The Federal Reserve raised interest rates on March 15, 2017 – only the third time since the height of the financial crisis. So, what does this mean for New York City’s economy? First, let’s explore how interest rates work.
What happens when the Fed raises interest rates? How do these interest hikes affect everyday New Yorkers? This month, our old friend and colleague Kim Grauer joins us to discuss everything you've ever wanted to know about how these interest rates affect the economy. Don't miss it!
Job numbers are high, construction is bustling, and the Gross City Product is up 1.7% — but what does that all really mean? This month, we dive into the data to explain to everyday New Yorkers how to make sense of it all. We hope you enjoy our brand new, easy-to-read format! Don't forget to join Simon and Andrew for an in-depth discussion on New York City's economy, only on the Economic Snapshot Podcast.
New Yorkers love the holidays – it doesn’t take more than quick walk down any wintery block in Manhattan to figure that out. Holiday music rings in every store, and “tree-lined street” fosters a whole new meaning as Christmas pines are sold on virtually every corner. And importantly, what we on the Economic Research & Analysis team call the holiday economy bustles with renewed fervor. The holiday economy is comprised of a number of factors, and this month we’re exploring how cultural and religious institutions throughout the City impact the local economic landscape.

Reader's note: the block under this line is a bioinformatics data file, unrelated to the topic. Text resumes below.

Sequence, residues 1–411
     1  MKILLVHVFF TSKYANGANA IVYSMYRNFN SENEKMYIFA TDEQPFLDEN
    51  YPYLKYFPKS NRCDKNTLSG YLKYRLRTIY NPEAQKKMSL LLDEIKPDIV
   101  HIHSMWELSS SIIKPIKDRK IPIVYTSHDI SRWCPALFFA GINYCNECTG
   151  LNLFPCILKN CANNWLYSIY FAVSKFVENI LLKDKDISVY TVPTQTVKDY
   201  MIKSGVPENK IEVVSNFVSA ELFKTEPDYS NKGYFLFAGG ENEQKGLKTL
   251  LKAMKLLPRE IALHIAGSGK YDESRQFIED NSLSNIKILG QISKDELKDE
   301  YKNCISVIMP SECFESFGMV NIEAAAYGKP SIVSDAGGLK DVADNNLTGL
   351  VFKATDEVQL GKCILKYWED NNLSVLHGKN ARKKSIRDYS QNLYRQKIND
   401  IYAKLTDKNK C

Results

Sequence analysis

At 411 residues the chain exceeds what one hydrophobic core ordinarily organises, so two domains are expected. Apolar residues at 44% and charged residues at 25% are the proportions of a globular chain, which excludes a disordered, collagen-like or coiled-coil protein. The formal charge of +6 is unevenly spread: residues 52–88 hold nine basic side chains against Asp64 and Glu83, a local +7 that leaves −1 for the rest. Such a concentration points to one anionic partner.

The Macy's Thanksgiving Day Parade draws 3.5 million enthusiastic visitors to Manhattan, as well as roughly 50 million television viewers. Festivities held over the long weekend have enticed thousands of tourists to visit New York City, boosting business for the city’s 50,000 hospitality workers and 300,000 food and beverage service employees.
Still deciding on treats for Halloween night? According to the sales data from the online retailer Candy Store, the New York State candy favorite is Sour Patch Kids. From 2007-2015, New Yorkers have ordered 198,000 lbs. of Sour Patch Kids on average from the online store in the three months leading up to Halloween. For those who are looking to diversify their candy bowl offerings, the runner-ups were Candy Corn (95,000 lbs.) and Reese's Peanut Butter Cups (39,600 lbs.), indicating a clear favorite in New York.
This month, we explore the food distribution study—recently released by NYCEDC and the Mayor's Office—with experts from both the Center for Urban Innovation and Development. You won't want to miss this month's podcast!
To celebrate National Manufacturing Day, the Economic Research and Analysis team at NYCEDC looked at trends in the manufacturing industry in New York City. We found that the sector is on the rise, employing over 78,000 workers in 2015, or 2.1% of the city’s private sector employees.